Our Past, Our Future: Palestinian exhibition in Venice exposes truth about Nakba and envisions Palestine to come
Although Nakba Day has come and gone, Palestinians all over the world will always ensure their history is never erased.
To commemorate the 75th anniversary of the Palestinian Nakba, the Palestinian Museum US is hosting an architectural exhibit in Venice, Italy, through November 23, with a wonderful celebration of Palestinian history, culture, and art.
"While the trials and tribulations of Palestinians have made headlines for decades, they often obscure, rewrite, or entirely erase the truth about Palestinian existence"
From Palestine: Our Past, Our Future is an exhibit at the European Cultural Centre in the heart of Venice, that combines artwork, photographs, maps, and virtual reality to teach visitors about the history of the Palestinian Nakba (the Arabic word for catastrophe), an event that violently displaced hundreds of thousands of Palestinians from their home that began on May 15, 1948, and has continued to this day.
While the trials and tribulations of Palestinians have made headlines for decades, they often obscure, rewrite, or entirely erase the truth about Palestinian existence. The Palestine Museum US aims to change this pattern, by not only showcasing forgotten parts of Palestinian history but also envisioning a better future.
The exhibit is an impressive collection of original art pieces and architectural renderings, which reimagine a future where descendants of the original population return to redesigned architecture, and urban planned communities, giving hope in the face of indefinite intractable odds.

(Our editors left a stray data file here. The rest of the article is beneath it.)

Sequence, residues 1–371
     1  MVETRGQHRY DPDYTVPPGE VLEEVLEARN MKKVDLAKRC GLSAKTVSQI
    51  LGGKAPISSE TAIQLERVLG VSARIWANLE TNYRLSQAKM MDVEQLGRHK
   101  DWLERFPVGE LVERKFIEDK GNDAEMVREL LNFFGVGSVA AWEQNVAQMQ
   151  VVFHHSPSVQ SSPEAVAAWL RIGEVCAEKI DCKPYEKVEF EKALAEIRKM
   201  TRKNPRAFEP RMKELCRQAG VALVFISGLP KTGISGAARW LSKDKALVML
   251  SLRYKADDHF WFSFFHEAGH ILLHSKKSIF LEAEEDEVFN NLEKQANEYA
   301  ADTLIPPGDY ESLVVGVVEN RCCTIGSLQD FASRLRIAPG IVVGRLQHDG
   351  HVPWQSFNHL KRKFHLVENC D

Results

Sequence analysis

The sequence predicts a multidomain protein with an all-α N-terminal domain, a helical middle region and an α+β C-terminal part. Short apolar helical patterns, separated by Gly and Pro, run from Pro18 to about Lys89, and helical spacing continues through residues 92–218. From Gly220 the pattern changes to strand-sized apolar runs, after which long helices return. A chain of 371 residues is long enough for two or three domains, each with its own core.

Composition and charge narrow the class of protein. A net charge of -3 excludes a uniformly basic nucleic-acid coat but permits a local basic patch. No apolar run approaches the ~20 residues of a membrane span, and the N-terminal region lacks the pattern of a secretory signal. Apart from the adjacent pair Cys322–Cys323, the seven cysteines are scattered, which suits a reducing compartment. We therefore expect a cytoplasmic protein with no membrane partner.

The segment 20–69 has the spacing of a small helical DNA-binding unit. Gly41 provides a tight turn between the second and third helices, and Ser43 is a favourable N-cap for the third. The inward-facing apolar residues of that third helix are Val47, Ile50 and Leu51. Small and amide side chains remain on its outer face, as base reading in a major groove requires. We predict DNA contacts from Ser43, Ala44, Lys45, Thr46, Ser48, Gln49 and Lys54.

And in a first-of-its-kind rendering, visitors can watch history unfold in a video that visually showcases how Palestinian towns were literally wiped off the map since the Nakba began.
After years of Israel attempting to erase its violent settler-colonialism history, its exhibits like this that help Palestinians retain their history and pass it to future generations, while also simultaneously educating the masses about a subject that far too many people know much about.
While the exhibit will remain open through November 26, those who are unable to head to Venice to see it in person can attend virtually, and also download the exhibit’s digital booklet to learn more about the curators and artists who participated. And if you’re in the US, be sure to check out the Palestine Museum US in Woodbridge, Connecticut or visit their website to learn more.
Tariq Raouf is a Palestinian-American Muslim writer, based in Seattle.
Follow them on Twitter: @tariq_raouf